Jittery and distracted, Johnston had been expecting to hear an announcement; instead, she just happened to notice that the waves of skiers were moving. The seventh wave was on its way, and the eighth wave—theirs—was preparing to leave. She rushed to the starting line and anxiously searched the crowd for Raff, who, she realized, “was in the ‘head.’ Again!”

Finally, standing together at the start, nerves crackling, the Remedials indulged in a little comic relief. “We looked at each other and proclaimed, ‘You look good!’” Johnston says. Raff laughs, “Yeah, that’s all we could say: ‘You look good . . . your outfit, your hat.’”

When the horn sounded Raff sprinted off, leaving Johnston behind, frozen to the snow. “I couldn’t move my legs!” she says. “I just stood there, waiting for someone to call me names or run over the back of my skis. I was petrified that I was going to crash. But then I said to myself, ‘If there is anything I have, it’s technique!’”

And with that, Johnston launched herself into her race. Realizing that she was finally skiing the Boulder Mountain Tour, she relaxed and enjoyed herself. “It was a blast,” she says, “and a huge accomplishment. I know now that I can accomplish anything I set my mind to. Once you take ownership of that, it lives with you throughout your life.”

As Raff and Johnston crossed the finish line, they joined other racers crowding around a large outdoor buffet, feasting on bread and orange slices, spoonfuls of steaming soup and sips of hot chocolate. Faces aglow with effort and satisfaction, the racers recounted their individual tales as the music cranked. Handshakes, pats on the back, and peals of laughter spread through the fraternity of finishers.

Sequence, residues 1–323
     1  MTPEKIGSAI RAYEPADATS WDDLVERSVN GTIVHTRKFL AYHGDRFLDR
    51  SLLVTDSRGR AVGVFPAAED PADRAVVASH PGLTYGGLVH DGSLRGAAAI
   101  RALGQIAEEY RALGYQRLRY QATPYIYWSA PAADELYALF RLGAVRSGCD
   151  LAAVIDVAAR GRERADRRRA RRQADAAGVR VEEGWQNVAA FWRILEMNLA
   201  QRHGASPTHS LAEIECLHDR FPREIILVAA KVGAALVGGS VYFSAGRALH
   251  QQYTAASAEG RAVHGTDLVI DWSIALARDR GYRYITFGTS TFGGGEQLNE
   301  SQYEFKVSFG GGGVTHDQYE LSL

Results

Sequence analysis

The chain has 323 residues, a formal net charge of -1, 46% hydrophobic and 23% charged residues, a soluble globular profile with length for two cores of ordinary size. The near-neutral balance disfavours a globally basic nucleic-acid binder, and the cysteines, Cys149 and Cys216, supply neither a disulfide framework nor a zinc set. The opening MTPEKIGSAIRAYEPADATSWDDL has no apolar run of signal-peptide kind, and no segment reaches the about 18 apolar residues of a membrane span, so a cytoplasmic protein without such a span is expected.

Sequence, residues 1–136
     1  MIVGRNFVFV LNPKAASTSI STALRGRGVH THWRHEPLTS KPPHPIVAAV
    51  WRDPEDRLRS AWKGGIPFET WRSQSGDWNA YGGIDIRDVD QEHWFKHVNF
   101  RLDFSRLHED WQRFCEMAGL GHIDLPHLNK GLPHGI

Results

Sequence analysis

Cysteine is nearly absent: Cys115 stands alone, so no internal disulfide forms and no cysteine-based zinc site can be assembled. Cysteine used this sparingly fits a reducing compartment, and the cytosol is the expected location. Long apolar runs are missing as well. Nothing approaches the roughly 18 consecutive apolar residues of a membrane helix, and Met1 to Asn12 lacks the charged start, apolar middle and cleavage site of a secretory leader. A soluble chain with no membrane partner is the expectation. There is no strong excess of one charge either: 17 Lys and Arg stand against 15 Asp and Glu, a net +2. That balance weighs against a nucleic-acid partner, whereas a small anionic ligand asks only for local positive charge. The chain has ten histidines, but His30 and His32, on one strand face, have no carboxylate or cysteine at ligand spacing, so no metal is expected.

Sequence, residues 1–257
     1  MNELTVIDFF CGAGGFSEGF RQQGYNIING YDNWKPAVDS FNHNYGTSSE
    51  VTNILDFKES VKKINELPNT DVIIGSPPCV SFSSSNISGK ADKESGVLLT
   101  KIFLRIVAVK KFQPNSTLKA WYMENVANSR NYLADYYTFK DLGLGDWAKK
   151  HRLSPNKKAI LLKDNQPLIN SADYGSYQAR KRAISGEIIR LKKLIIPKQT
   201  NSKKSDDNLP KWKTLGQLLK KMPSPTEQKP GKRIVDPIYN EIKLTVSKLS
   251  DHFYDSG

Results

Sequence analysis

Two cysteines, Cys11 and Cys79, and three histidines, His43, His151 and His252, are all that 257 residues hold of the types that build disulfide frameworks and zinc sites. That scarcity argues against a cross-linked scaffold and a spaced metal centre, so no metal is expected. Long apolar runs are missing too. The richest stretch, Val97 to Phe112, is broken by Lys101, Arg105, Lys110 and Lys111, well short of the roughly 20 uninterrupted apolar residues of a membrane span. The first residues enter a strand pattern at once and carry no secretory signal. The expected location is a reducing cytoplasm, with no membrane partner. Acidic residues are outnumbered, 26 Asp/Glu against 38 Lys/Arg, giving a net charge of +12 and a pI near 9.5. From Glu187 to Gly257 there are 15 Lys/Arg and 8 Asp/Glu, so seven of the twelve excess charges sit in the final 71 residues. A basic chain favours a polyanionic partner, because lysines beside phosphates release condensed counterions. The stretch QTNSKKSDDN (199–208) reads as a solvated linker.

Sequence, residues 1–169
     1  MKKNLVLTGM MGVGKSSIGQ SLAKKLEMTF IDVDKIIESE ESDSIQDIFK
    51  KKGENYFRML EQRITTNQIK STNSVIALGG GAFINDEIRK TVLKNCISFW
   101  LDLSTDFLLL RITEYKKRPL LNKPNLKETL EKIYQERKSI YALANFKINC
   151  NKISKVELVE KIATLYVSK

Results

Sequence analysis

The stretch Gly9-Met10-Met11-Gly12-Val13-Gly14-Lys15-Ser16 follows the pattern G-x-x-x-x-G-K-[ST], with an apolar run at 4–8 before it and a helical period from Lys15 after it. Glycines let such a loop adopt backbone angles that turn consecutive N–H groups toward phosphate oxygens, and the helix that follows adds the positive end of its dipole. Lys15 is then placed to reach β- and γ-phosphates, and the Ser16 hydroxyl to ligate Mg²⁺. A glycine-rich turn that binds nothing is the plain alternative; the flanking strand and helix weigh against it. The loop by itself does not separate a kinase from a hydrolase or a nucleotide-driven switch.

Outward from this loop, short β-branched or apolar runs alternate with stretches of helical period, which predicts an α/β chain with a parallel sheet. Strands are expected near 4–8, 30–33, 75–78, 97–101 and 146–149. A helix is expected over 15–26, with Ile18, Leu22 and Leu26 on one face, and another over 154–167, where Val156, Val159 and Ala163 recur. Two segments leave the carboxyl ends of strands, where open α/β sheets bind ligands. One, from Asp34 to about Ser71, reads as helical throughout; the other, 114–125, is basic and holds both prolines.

The racers’ abilities were widely varied, but they had skied the course together and shared the experience: Olympians and novices, young and old, the serious and the not so serious. They had embraced the challenge of the Boulder Mountain Tour, each competitor striving to ski his or her best. As they congratulated each other, the gathering around the buffet seemed more like a reunion than a competitive event. And in a sense it was, since many racers were veterans of several Boulder Mountain Tours.

Race Director Kevin Swigert says he’s impressed with each competitor’s effort, from the seasoned Olympian to the first-timer. He measures the success of the race based on each skier’s experience: “I think it’s important that the average racer walks away at the end of the day saying, ‘That was really fun, really worth it.’ That is the single most important goal for me.”

Taina Raff and Karen Johnston wholeheartedly agree that Swigert achieved his goal in 2004. And it’s almost certain that he’ll find the same success this winter, in the thirtieth running of the Wells Fargo Boulder Mountain Tour.

The 2005 Wells Fargo Boulder Mountain Tour will be held February 5. All registration fees and forms must be received by January 31, 2005. Space is limited to 1,000 skiers. For additional information, check out the Web site or email

Greg Wilson, a former professional mountain guide, has spent the last quarter century guiding clients on mountains all over the world, including the highest peak on each continent and two successful ascents of Mt. Everest. Greg is no longer guiding, but embracing new challenges as a writer, and working toward a Master’s degree in English Education. He lives in Hailey with his wife Liza and stepson Dawson.